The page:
Peder Sather, a farmer’s son from Norway, emigrated to New York City in 1832. There he started up as a servant and lottery ticket seller before opening an exchange brokerage, later to become a full-fledged banking house. When gold was discovered in California, banker Francis Drexel offered Peder Sather and his companion, Edward Church, a large loan to establish a bank in San Francisco. From 1863 Peder Sather went on as the sole owner of the bank and in the late 1860’s he had become one of California’s richest men.
Peder Sather was a public-spirited man, a philanthropist and an eager supporter of public education on all levels and for both sexes. In 1860 he was elected member of the Board of Trustees of The College of California in Oakland. This board worked to establish the first university in California, today’s University of California, Berkeley. Thus, he became one of the founding fathers of this institution.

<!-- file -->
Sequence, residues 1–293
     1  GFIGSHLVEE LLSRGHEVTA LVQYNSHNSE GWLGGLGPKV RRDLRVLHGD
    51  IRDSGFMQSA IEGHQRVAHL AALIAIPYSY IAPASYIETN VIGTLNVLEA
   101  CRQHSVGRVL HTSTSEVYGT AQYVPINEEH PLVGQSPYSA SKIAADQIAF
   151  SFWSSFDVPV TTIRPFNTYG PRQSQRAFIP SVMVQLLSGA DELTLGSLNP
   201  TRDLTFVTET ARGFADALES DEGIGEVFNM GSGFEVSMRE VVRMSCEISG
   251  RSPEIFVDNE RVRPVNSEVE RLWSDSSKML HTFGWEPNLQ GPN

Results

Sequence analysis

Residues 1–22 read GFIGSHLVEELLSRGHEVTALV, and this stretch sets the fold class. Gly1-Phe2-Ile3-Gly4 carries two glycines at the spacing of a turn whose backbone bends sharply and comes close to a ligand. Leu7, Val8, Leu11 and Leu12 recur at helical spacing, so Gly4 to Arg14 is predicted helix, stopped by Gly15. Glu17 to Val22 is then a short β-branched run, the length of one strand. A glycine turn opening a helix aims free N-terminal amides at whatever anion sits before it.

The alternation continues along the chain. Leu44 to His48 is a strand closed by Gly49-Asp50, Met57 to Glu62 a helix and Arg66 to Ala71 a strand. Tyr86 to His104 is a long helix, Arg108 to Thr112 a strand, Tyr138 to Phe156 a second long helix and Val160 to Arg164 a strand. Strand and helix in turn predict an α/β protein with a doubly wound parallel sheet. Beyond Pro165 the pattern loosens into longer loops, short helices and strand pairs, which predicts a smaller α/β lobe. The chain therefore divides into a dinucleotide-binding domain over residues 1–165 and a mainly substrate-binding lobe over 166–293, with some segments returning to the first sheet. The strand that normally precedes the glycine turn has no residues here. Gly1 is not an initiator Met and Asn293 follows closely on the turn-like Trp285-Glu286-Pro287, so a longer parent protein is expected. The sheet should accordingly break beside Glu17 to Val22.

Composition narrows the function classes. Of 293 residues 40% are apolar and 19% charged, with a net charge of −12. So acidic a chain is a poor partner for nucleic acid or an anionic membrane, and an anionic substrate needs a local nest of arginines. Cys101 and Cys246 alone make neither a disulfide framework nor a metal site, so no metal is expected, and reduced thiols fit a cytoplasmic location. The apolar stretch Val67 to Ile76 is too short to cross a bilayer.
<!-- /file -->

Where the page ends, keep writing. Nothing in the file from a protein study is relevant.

Being deeply engaged in equal rights of blacks in the U.S., Peder Sather also supported an end to slavery, and helped secure housing, work and education for freed slaves after the Civil War.
Today Peder Sather’s name is memorialized by the Sather Gate and the Sather Tower at the UC Berkeley campus.
Biographic summary by Karin Sveen, author of The Immigrant and the University: Peder Sather and Goldrush-California, 2014 UC Press. [originally published as Mannen i Montgomery Street,” 2011 Oktober: Oslo])